CLEARLY ARTICULATED IDEAS AND DESPERATE DANCE
NZ Fringe Festival 2013|
HOW TO MAKE FRIENDS AND STILL APPEAR NORMAL (2013)
Natalie Maria Clark choreographer. Collaborators - Sofia McIntyre and Sarah Elsworth
Score by Emi Pogoni
at BATS - Out Of Site - Cnr Cuba & Dixon, Wellington
From 28 Feb 2013 to 3 Mar 2013
Reviewed by Virginia Kennard, 5 Mar 2013
A self-proclaimed ‘theatrical choreography', this is a fitting term for a dance work with text as narrative, dialogue with each other and with the audience, as well as projection in its early scenes. This work is developing well, having been presented at The Body, Tempo and the Auckland Fringe and on to the Dunedin Fringe after this season. The clarity of ideas is refreshing, looking at how Clark attempts to interact with the world and how the world reacts to her attempts. Normal or not.
Clark launches into an introduction of the work and her role herein. This introduction becomes the slow deterioration of her self-esteem as she defines herself and her various titles and contribution. It is delightful and allows the audience a real sense of what is to come.
This work is not about pretty dance, or virtuosity – there is desperation here, bodies that are searching. Projected text asks, “Can I be all of it” and questions “what is it to be human”, questions of weight, but not overly angst-driven. It becomes clear throughout the work that these are questions and angsts of the director Natalie Maria Clark, as at times the two other performers become back-up dancers. Clark is clearly a different character – costumed differently, spending much of her time to the forefront of the stage (nice raised platform BATS by the way) and has the most engaged speeches with and to the audience.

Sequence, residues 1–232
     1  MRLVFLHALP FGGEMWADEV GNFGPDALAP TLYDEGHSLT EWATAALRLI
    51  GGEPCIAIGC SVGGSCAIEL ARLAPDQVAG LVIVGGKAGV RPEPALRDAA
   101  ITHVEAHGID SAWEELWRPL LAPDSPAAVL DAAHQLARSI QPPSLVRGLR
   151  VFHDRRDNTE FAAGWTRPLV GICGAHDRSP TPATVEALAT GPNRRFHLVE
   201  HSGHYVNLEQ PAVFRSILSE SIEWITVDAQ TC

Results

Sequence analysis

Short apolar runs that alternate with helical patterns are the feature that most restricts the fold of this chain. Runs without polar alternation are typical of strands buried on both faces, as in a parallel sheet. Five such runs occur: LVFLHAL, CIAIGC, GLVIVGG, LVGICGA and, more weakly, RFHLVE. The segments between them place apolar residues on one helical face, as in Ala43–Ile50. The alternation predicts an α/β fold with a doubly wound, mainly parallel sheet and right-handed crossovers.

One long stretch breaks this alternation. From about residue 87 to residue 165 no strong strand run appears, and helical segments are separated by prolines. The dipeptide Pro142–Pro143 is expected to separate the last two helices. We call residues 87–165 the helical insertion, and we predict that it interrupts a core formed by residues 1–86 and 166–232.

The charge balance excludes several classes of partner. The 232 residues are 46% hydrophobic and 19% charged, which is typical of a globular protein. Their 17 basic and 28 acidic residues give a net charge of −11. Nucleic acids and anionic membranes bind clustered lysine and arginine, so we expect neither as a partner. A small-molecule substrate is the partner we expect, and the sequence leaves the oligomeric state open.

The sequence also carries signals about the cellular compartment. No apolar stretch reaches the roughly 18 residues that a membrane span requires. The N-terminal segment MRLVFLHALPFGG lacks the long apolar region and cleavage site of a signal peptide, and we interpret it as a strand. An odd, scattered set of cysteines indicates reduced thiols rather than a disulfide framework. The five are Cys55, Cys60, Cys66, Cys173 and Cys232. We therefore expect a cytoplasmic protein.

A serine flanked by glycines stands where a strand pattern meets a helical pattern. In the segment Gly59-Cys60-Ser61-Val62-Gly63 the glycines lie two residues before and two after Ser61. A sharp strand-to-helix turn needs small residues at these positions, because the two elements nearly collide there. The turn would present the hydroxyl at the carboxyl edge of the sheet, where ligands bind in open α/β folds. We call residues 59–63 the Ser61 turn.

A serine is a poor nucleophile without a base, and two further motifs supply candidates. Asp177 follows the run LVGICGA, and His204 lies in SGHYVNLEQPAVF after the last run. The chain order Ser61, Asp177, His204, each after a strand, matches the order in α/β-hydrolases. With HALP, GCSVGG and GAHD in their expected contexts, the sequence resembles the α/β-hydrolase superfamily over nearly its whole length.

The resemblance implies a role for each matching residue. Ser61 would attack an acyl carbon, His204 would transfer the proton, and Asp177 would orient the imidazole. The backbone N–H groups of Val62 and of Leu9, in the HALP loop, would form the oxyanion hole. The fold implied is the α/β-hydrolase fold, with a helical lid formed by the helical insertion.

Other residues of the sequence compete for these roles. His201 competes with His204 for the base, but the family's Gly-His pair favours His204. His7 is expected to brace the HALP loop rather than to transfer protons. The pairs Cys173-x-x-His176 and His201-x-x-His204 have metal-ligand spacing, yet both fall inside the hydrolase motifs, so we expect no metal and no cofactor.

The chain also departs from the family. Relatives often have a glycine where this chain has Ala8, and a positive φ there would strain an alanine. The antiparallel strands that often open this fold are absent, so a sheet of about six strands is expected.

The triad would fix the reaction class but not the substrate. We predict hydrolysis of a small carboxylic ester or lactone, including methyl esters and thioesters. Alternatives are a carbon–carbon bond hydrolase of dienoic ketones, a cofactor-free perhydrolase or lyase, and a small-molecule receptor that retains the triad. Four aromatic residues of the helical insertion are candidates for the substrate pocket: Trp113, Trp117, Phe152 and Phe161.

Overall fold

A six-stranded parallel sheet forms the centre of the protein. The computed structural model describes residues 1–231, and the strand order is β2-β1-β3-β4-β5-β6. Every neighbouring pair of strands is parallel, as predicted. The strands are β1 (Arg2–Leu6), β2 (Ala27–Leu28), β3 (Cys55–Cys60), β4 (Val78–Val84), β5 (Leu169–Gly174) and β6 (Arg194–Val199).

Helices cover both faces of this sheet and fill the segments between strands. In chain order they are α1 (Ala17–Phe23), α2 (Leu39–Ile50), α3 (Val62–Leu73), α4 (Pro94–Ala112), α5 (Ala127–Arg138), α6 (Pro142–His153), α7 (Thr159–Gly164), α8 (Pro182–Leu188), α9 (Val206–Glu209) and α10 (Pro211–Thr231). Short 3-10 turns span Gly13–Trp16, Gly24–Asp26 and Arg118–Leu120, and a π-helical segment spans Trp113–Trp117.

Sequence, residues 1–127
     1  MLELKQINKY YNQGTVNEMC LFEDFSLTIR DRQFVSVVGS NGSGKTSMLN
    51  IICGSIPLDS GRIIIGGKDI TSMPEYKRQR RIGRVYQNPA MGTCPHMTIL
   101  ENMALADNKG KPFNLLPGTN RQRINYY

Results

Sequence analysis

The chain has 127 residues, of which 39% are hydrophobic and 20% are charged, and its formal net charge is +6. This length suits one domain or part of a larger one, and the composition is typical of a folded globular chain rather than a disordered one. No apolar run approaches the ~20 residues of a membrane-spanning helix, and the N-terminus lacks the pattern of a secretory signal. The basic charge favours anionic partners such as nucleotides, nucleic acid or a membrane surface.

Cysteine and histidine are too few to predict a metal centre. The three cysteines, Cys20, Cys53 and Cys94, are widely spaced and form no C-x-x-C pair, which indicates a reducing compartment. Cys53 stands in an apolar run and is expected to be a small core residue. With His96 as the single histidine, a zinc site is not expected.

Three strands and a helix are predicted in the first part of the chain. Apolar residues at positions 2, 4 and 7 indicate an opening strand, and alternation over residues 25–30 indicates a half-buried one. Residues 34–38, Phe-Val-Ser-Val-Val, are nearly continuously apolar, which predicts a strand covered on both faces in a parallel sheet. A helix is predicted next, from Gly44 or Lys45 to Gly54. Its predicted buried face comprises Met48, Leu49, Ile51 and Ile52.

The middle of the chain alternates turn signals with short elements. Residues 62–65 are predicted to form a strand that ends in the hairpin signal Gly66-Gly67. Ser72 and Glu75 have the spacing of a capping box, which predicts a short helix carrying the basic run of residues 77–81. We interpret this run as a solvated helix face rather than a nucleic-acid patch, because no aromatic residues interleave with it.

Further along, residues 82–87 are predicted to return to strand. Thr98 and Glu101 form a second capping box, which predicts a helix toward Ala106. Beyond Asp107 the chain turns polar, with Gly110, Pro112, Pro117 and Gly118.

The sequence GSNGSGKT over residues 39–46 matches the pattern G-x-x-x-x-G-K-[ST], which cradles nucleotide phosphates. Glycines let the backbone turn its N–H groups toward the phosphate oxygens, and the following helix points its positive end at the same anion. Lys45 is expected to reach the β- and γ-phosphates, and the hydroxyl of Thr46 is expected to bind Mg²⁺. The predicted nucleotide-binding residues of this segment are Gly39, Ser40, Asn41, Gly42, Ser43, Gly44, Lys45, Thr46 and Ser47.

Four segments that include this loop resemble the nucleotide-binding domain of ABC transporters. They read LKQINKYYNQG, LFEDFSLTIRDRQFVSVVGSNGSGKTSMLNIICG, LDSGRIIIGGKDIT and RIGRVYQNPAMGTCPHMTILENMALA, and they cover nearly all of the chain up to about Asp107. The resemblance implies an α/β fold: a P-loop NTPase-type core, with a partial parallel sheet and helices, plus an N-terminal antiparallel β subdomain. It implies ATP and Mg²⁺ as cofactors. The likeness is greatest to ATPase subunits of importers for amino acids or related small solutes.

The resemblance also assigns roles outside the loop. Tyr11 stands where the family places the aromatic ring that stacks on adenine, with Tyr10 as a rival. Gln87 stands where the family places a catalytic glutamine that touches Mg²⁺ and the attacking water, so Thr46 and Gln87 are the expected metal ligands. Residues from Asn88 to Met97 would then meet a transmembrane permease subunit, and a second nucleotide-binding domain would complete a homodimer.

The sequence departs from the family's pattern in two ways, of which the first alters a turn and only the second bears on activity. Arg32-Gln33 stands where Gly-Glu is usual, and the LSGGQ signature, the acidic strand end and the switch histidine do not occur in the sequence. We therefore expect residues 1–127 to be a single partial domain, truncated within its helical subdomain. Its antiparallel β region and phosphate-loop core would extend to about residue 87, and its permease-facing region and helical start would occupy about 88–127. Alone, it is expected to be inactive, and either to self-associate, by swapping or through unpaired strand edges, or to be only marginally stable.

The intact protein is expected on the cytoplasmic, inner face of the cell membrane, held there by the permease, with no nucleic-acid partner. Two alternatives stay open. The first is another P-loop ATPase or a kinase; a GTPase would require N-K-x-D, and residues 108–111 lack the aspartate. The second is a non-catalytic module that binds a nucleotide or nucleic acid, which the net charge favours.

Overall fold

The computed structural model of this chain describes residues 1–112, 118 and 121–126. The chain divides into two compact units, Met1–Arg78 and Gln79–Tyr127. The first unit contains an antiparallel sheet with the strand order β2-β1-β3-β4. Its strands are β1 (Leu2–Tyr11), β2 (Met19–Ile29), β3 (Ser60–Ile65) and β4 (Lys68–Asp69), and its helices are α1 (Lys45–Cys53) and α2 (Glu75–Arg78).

That this work is about Clark primarily, or an exaggerated awkward persona thereof, works for the most part; Sofia McIntyre and Sarah Elsworth put forward powerful performances and Clark could allow their duets to really flourish by minimising some of her solos. Home video footage is a little self-indulgent, and how her performers tend to react to her rather than vice versa. This self-indulgence though, gives the audience a deeper understanding of Clark's questioning, the awkwardness one feels when making friends, fitting in.
Here lies the beauty of this piece, that the audience can find a bit of themselves within this awkward character. It is not simply a young person entering the world and figuring out their place, it is any of those moments where we are figuring out how to be normal within a greater context.
This theatrical choreography has choreography in it too – movement-wise the highlight occurs early on with the three bodies in a vertical line facing the back. Moody one-sided side lighting ripples over almost bare backs that indulge in twisting necks and spiraling spines. Hands push over faces and arms as if asking “What is my body?” Audio that haunts and hums, the vocals of Flo Wilson reaching out and grabbing the audience. Emi Pogoni's composition of street sounds and typewriter-esque bings are a perfect marriage with this work.
Dance walking should be outlawed in this work – walking that is so carefully considered that it becomes effected and distracting.
Various movement phrases throughout use known (and somewhat tired) contemporary dance vocabulary but the execution is what is important. There is desperation: grab hold flick stare, throw catch push hold. There is frustration: hair twisting, abusive partnering (but strangely with equal power shifts). There is dance ranting: constant (and over-used) dynamic of quick, precise power to pause and stand, trapped head between knees, hunching over chairs, wrists flicking, standing, staring, McIntyre the most compelling blank stare. A clear beginning middle and end within the narrative, with movement motifs that do not seem to cross over, which is a shame.
A weighty work, with clearly articulated ideas and desperate dance.
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Raewyn Whyte (NZ Herald);